Many multifunctional tumor suppressor proteins have low stability, a property linked to cancer development. The von Hippel-Lindau tumor suppressor protein (pVHL) is one of these proteins. pVHL forms part of the E3 ubiquitin ligase complex that regulates the degradation of the hypoxia-inducible factor (HIF). Under native conditions, free pVHL is a molten globule, but it is stabilized in the E3 complex. By using molecular dynamics simulations,we observed that the interface between the two pVHL domains is the least stable region in unbound pVHL. We designed five stable mutants: one with a mutation at the interdomain interface and the others in the α- or β-domains. Experimentally, type 2B pVHL disease mutant Y98N at the HIF binding site was shown to destabilize pVHL and decrease its binding affinity to HIF. Our simulations showed that the decrease in pVHL stability and binding affinity are allosterically regulated. The mutations designed to stabilize unbound wild-type pVHL, which are away from the elongin C and HIF binding sites, successfully stabilized the Y98N pVHL-elongin C complex and lowered the binding free energy of pVHL with HIF. Our results indicated both the enthalpic and dynamic allosteric components between the elongin C and HIF binding sites in pVHL, in the α- and β-domains, respectively, mediated by the interdomain interface and linker. Drugs mimicking the allosteric effects of these mutants may rescue pVHL function in von Hippel-Lindau disease.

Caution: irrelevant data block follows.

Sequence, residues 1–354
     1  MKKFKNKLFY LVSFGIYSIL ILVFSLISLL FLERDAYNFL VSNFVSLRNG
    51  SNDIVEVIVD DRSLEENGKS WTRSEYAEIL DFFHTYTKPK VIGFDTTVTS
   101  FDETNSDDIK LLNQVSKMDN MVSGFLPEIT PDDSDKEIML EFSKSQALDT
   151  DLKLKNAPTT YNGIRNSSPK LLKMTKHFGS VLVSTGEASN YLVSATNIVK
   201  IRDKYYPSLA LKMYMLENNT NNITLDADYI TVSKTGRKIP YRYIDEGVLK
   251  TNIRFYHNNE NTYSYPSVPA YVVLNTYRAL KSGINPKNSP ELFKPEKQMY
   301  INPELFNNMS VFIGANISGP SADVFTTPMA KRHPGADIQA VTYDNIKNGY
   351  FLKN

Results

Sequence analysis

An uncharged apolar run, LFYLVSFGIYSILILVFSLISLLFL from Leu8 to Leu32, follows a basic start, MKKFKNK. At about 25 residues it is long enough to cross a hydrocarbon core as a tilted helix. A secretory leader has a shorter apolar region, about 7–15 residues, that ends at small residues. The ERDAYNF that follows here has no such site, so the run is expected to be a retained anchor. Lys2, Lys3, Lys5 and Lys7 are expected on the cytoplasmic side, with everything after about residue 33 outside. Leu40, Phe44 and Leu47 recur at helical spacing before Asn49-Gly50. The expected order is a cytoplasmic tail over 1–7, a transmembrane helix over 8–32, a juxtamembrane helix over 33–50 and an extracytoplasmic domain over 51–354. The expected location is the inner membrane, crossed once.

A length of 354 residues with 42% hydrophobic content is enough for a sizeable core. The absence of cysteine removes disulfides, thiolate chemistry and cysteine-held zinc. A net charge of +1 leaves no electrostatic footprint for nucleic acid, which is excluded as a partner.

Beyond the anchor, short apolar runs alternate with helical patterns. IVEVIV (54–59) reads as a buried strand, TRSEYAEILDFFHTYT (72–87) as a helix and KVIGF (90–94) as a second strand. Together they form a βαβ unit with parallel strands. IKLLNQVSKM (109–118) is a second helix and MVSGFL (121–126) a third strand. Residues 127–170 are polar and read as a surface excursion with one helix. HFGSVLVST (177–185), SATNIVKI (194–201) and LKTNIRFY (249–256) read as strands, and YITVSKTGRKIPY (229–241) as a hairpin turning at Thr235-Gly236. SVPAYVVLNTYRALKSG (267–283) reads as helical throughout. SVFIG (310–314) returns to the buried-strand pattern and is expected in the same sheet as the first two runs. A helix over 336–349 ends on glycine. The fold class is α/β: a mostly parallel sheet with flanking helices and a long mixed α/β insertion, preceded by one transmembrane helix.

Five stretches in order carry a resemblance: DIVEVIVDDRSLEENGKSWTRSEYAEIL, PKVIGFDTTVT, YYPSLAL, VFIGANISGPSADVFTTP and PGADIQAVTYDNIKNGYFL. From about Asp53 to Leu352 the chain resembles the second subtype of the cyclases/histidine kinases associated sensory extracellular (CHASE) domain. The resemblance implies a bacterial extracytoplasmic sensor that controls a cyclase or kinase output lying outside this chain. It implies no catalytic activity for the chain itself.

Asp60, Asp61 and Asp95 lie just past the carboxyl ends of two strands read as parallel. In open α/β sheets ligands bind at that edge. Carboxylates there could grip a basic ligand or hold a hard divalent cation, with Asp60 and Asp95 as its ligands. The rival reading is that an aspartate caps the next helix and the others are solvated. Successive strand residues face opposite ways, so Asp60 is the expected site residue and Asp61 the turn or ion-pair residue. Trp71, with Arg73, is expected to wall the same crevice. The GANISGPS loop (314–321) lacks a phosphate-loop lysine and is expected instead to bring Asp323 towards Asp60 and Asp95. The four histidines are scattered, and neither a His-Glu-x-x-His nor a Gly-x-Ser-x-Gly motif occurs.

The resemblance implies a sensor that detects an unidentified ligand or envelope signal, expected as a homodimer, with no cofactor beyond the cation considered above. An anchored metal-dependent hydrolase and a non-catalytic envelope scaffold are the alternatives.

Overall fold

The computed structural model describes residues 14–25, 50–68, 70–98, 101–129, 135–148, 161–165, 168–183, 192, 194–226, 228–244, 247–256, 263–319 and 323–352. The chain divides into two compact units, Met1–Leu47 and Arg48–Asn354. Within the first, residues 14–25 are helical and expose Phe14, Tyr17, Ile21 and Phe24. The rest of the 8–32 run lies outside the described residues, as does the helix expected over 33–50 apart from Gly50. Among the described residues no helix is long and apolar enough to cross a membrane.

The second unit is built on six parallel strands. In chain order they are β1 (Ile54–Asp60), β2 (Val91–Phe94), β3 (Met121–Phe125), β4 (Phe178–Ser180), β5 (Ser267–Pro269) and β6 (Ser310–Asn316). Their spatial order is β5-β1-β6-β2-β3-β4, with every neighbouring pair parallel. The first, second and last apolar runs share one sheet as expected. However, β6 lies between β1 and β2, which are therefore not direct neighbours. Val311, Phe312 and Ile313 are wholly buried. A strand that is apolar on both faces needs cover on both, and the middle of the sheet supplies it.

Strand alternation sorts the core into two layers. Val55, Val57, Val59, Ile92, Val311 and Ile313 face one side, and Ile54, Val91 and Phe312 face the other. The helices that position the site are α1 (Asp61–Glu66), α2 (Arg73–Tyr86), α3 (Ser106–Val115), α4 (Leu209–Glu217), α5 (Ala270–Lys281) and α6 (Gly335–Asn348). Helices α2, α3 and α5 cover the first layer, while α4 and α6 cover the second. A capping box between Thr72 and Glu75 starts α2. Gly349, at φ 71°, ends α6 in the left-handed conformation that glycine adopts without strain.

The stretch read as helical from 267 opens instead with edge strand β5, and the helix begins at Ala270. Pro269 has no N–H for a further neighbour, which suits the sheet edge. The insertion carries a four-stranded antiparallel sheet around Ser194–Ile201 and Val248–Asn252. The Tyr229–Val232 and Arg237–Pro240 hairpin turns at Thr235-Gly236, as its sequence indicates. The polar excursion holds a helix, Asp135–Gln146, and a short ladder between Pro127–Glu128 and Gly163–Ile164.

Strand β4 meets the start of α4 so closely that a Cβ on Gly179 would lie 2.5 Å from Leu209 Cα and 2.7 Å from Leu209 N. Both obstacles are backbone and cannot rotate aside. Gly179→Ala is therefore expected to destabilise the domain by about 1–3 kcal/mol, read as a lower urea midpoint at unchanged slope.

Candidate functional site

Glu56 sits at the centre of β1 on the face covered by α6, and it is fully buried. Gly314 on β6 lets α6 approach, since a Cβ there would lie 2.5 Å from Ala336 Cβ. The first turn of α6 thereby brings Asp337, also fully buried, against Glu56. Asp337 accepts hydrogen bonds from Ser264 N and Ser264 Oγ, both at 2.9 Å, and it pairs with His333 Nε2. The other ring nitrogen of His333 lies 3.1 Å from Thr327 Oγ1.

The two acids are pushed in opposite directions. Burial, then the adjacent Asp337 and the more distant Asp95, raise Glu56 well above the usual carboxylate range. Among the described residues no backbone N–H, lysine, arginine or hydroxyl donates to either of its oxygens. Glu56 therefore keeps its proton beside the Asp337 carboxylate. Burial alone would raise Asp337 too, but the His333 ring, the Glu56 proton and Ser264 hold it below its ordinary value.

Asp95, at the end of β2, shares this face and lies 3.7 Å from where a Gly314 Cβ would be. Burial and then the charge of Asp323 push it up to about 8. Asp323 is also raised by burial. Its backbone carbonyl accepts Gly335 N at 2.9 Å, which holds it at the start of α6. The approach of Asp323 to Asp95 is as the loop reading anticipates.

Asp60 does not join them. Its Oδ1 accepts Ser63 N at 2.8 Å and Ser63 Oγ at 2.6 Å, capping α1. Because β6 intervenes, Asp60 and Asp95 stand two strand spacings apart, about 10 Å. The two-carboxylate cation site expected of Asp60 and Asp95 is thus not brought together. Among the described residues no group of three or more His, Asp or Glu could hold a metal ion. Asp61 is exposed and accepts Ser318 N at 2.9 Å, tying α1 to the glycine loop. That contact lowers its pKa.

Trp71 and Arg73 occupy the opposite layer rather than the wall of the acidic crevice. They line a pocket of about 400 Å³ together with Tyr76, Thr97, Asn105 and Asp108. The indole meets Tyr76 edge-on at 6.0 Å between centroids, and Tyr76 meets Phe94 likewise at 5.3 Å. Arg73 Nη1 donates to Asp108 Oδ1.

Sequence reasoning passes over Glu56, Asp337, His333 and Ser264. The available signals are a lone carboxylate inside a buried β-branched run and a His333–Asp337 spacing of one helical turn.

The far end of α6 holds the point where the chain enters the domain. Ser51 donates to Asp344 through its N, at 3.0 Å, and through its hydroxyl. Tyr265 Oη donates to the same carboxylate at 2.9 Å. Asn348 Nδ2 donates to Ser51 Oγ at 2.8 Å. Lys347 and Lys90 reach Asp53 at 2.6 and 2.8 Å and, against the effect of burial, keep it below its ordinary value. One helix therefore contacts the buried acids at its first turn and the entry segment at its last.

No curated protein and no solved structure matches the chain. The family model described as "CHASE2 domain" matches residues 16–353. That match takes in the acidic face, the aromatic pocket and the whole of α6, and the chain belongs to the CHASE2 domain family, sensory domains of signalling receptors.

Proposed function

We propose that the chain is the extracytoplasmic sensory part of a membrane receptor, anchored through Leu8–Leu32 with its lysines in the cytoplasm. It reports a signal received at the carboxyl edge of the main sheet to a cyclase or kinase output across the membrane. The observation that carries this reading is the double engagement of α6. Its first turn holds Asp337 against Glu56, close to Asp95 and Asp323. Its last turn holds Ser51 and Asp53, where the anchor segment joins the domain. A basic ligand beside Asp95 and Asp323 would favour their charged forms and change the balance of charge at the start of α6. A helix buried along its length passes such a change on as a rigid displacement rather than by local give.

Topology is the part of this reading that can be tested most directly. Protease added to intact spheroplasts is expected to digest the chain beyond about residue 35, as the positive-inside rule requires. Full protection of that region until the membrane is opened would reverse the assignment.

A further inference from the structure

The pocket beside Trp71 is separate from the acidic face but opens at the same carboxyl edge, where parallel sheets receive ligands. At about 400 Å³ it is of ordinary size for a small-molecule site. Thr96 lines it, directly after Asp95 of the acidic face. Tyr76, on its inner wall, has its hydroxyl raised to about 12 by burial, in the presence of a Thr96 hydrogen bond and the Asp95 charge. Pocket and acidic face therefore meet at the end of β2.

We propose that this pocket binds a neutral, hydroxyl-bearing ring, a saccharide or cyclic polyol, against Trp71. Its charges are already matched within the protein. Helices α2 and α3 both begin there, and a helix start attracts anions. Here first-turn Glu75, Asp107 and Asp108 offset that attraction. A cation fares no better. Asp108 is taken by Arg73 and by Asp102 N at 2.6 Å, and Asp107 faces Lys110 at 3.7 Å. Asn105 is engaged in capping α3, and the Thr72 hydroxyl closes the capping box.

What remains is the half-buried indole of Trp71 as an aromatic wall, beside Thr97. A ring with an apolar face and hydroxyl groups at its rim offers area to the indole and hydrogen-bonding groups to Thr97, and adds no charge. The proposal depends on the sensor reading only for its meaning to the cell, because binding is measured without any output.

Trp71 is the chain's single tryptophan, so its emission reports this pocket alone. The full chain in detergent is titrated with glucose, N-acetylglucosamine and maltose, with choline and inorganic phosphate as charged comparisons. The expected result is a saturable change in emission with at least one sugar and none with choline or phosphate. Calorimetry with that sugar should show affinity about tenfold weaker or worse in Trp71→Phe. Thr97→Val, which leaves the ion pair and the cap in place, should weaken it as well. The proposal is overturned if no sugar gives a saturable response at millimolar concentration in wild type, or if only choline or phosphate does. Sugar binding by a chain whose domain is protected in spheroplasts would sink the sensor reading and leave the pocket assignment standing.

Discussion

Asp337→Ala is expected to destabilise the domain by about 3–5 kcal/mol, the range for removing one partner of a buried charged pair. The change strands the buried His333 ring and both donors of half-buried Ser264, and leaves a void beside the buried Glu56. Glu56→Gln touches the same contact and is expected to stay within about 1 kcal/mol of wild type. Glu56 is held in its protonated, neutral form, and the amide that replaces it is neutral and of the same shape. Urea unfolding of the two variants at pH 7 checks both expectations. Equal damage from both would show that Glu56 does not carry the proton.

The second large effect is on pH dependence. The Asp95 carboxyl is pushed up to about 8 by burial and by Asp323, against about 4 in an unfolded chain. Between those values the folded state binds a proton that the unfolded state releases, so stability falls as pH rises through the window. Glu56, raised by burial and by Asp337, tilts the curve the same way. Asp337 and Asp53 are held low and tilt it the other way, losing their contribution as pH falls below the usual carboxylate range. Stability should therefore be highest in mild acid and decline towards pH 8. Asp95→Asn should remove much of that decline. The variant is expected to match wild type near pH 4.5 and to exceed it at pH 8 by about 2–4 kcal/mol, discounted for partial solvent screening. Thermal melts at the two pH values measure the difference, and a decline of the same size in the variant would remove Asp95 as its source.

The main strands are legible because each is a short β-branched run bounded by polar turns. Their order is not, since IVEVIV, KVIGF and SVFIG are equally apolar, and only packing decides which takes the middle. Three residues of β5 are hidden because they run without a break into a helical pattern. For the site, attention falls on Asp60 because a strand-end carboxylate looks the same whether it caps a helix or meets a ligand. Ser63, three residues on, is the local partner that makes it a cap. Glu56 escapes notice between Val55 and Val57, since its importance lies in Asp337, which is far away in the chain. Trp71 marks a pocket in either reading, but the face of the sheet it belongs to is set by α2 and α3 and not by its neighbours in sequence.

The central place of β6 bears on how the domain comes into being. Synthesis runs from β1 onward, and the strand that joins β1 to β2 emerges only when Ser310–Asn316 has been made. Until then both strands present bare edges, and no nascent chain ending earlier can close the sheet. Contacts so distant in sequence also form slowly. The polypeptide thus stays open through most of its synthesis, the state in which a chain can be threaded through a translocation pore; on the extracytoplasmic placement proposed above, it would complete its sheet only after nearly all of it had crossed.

|Number of pages||6|
|Journal||Proceedings of the National Academy of Sciences of the United States of America|
|State||Published - 22 Jan 2008|
- Allosteric site prediction
- Drug design
- E3 ubiquitin ligase
- Molecular dynamics simulations